CISSP – Steganography, An Introduction Using S-Tools

March 24, 2018 by Kenneth Magee

An Introduction to S-Tools

Steganography (as we discussed in our coverage of the CISSP Cryptography Domain) is the hiding of information within a picture, say a *.bmp file or a *.gif file.  To demonstrate steganography’s simplicity this article will cover a brief demonstration of hiding information within a BMP picture and then retrieving the text message once the picture has been sent to another person.  First, a caveat and a ground rule for using S-Tools.  The caveat is there are other more robust tools out there and if you are interested in really studying steganography take a look at the list of different steganography software packages at

The ground rule is that S-Tools requires that both sender and receiver have a shared passphrase.  The problem comes into being with how do you share a passphrase and at the same time have different ones.  Here’s what I like to do.  Let’s say I send a picture to a friend of mine and the file name is Back Yard.gif. By previous agreement, my friend and I have agreed that the passphrase for any picture will be the name of the picture except the “.” will be spelled out.  So the passphrase for this hidden file will be “Back Yarddotgif”  Really it’s quite simple yet unless you know the rules, you’ll never get the passphrase.

So let’s begin.  You can download S-Tools from  Once you’ve downloaded S-Tools version 4, create a folder on your desktop and name it “S-Tools” then upzip the download into that folder.  We will be working from that folder for this entire article.

To start S-Tools, all you have to do is click on the S-tools.exe.  That will bring up this window:

Click the “Continue” button.  Now open up Notepad and write the following message:

“This message was hidden using S-Tools.”

Save the message as “I HID IT.txt” in the S-Tools folder on your desk top.  If you look in the folder it should look like:

Now copy a BMP file of your choosing into the same S-Tools folder.  I’ve chosen a nice “Pecan Pie.bmp” for this example.

Now go back to the S-Tools window that you have open and drag the BMP file into the open window:

Now drag the “I HID IT.txt” over the top of the BMP image.  The next window that you see will be asking you to enter the passphrase and to select your encryption algorithm.  Let’s leave the algorithm as the default “IDEA” and let’s put our passphrase in, remember we said we were going to use the name of the picture so, let’s enter “Pecan Piedotbmp” in the passphrase line and also in the Verify Passphrase line.  If you typed correctly you’ll now see a second picture of the Pecan Pie only this time it will have Hidden Data in the top blue bar.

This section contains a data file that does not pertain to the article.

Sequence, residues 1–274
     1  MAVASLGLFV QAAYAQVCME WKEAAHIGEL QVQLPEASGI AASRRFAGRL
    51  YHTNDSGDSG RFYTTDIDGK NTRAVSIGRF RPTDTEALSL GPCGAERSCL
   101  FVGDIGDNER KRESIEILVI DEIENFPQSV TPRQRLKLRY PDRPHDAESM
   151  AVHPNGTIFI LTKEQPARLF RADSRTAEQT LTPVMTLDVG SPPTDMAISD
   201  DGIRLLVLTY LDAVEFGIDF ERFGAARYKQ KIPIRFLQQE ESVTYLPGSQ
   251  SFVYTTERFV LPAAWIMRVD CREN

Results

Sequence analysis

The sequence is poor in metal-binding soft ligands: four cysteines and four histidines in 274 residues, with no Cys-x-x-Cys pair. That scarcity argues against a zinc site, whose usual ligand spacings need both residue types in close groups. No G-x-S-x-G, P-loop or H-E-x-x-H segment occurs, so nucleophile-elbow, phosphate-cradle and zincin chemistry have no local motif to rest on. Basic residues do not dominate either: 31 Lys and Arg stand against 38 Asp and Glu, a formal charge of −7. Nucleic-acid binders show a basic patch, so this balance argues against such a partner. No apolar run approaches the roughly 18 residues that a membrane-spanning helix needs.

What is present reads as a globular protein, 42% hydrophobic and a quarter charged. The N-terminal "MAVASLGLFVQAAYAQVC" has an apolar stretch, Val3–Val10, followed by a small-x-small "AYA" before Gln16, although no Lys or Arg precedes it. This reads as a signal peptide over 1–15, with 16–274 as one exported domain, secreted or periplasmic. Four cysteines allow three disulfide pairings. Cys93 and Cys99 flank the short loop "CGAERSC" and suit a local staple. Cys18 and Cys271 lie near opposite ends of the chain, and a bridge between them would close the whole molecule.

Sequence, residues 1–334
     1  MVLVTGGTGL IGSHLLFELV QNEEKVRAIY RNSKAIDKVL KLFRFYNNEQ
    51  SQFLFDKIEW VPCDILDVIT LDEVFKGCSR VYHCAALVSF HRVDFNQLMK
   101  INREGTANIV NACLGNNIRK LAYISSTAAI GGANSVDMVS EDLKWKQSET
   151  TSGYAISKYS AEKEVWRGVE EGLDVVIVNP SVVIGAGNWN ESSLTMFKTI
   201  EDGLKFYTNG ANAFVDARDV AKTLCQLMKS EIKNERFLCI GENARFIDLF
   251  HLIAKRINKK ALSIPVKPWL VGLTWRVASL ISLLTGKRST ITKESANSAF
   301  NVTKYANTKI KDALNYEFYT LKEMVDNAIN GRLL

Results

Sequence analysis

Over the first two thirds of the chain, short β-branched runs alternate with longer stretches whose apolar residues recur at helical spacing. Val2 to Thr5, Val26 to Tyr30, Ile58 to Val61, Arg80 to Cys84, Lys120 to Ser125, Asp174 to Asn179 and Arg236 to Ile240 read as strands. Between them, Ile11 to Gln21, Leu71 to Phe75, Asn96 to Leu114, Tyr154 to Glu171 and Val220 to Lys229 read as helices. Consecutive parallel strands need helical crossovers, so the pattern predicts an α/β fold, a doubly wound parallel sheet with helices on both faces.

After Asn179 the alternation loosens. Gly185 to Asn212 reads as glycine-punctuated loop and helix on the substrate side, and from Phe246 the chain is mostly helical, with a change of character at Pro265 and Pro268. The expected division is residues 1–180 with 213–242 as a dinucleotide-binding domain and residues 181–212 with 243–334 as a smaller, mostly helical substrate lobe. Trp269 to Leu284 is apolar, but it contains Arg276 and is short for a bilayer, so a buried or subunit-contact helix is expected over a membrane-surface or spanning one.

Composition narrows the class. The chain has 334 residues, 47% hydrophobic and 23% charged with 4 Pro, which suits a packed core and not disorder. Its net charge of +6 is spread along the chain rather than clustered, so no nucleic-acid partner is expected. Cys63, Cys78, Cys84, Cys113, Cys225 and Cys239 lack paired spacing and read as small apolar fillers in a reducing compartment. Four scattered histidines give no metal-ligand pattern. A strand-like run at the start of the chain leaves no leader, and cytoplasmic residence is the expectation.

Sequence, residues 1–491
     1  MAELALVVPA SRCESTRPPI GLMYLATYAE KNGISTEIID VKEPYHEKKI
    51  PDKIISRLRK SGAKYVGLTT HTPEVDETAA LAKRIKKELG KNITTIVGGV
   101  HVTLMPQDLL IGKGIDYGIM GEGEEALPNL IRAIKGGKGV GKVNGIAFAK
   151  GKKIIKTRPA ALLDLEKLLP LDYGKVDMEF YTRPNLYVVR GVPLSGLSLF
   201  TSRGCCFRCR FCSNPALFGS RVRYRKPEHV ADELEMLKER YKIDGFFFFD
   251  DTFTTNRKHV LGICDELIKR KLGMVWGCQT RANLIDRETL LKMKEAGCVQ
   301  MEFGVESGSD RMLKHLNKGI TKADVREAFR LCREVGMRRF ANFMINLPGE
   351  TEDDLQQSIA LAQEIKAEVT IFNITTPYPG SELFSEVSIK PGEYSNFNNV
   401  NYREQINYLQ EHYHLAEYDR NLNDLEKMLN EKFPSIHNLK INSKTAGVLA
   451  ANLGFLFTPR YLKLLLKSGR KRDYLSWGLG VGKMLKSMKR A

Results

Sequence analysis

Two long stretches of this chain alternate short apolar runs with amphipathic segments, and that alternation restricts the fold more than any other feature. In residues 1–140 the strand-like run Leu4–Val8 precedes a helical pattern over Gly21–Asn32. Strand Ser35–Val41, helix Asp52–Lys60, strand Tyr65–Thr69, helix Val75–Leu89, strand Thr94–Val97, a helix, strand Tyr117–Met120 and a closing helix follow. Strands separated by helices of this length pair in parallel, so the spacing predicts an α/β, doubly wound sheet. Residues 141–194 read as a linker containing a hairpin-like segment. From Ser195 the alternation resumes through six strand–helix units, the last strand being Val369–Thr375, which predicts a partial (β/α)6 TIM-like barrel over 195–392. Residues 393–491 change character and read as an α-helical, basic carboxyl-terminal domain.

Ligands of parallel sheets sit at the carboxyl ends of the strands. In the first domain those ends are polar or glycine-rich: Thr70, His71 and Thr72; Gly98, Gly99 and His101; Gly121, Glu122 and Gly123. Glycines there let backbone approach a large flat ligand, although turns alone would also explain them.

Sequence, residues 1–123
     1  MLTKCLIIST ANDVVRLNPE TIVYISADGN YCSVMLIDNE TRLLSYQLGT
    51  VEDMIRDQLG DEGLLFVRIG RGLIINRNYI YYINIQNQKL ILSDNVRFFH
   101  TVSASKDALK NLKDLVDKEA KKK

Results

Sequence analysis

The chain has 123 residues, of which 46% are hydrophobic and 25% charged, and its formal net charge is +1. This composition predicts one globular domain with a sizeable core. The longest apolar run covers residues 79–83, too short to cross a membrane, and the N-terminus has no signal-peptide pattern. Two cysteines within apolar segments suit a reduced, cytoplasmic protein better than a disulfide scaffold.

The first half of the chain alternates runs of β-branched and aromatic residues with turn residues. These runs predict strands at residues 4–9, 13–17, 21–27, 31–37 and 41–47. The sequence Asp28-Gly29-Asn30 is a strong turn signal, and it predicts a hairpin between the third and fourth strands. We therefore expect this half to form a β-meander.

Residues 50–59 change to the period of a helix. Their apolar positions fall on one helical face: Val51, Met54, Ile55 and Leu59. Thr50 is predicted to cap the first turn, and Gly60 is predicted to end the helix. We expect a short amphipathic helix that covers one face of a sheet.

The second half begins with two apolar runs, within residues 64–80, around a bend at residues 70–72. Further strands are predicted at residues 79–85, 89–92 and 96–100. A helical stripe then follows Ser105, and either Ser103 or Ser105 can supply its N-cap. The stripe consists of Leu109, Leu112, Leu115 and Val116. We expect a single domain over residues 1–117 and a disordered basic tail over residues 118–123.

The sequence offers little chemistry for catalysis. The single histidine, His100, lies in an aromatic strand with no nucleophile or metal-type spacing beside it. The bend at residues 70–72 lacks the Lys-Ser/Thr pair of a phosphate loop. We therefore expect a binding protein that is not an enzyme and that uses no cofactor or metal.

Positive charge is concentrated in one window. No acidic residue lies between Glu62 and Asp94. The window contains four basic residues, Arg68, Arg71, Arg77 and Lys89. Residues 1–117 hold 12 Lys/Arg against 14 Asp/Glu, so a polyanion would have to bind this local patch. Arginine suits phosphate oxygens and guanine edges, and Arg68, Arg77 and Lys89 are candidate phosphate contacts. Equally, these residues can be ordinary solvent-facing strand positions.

Now let’s right click that new “hidden data” picture and then Save As and name it “Pecan Pie Plus.bmp”

Now close out of everything and re-open S-Tools.exe.  Next, drag the “Pecan Pie Plus.bmp” file onto the S-Tools window.  Put your mouse over the picture and right-click.  Select the option “Reveal” and you will see the same window you saw before requesting the passphrase.  Type in your passphrase, (Pecan Piedotbmp) and click OK.  What you will see next is a pop-up window that says:

Right-click the txt file to highlight it and then select Save As and give it a name like “I HID IT Revealed.txt”

So now let’s close S-Tools and then open up the “I HID IT Revealed.txt” with Notepad.  You’ll notice that it’s the same file that you hid in the original picture.

So delete the original “Pecan Pie.bmp” file, rename the Pecan Pie Plus.bmp to be Pecan Pie.bmp and send it to a friend and see if they can decrypt your secret message with S-tools.

I hope you’ve enjoyed this simple demonstration of Steganography. Fill out the short form below for pricing information and details regarding our various CISSP training options (self paced, online mentored & instructor lead). Take our CISSP course today.


Until next time, “Happy Hiding.”


Posted: March 24, 2018
Articles Author
Kenneth Magee
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J Kenneth (Ken) Magee is president and owner of Data Security Consultation and Training, LLC, which specializes in data security auditing and information security training. He has over 40 years of IT experience in both private industry and the public sector with the last 21 devoted to IT security and Risk Management.

Ken holds degrees from Robert Morris University and Fairleigh Dickinson University. He holds 30 certifications including: CTT+, CEH, CPT, SSCP, CISSP-ISSMP, CAP, CISA, CISM, ISO 27001 PA, GIAC-GWAPT/GSEC/GSNA, CIA-CGAP, Security+, and CDP. He is a Senior Instructor with the InfoSec Institute.

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